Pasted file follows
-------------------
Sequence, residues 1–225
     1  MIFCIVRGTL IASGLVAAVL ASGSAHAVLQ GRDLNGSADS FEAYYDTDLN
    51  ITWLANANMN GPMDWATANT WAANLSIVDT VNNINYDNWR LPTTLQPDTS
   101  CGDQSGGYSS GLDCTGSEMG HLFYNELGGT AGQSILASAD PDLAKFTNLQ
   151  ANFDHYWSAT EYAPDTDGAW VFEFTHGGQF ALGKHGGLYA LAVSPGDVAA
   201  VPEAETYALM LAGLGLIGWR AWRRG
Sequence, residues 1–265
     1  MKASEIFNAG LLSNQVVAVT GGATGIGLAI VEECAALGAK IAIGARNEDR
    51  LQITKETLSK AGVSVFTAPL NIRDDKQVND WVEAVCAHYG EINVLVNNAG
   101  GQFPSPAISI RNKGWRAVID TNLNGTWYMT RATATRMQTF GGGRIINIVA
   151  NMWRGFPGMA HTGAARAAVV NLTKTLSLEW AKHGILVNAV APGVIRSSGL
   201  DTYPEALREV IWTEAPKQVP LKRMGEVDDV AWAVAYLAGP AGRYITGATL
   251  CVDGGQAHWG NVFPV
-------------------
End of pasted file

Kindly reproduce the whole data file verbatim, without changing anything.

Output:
Sequence, residues 1–225
     1  MIFCIVRGTL IASGLVAAVL ASGSAHAVLQ GRDLNGSADS FEAYYDTDLN
    51  ITWLANANMN GPMDWATANT WAANLSIVDT VNNINYDNWR LPTTLQPDTS
   101  CGDQSGGYSS GLDCTGSEMG HLFYNELGGT AGQSILASAD PDLAKFTNLQ
   151  ANFDHYWSAT EYAPDTDGAW VFEFTHGGQF ALGKHGGLYA LAVSPGDVAA
   201  VPEAETYALM LAGLGLIGWR AWRRG
Sequence, residues 1–265
     1  MKASEIFNAG LLSNQVVAVT GGATGIGLAI VEECAALGAK IAIGARNEDR
    51  LQITKETLSK AGVSVFTAPL NIRDDKQVND WVEAVCAHYG EINVLVNNAG
   101  GQFPSPAISI RNKGWRAVID TNLNGTWYMT RATATRMQTF GGGRIINIVA
   151  NMWRGFPGMA HTGAARAAVV NLTKTLSLEW AKHGILVNAV APGVIRSSGL
   201  DTYPEALREV IWTEAPKQVP LKRMGEVDDV AWAVAYLAGP AGRYITGATL
   251  CVDGGQAHWG NVFPV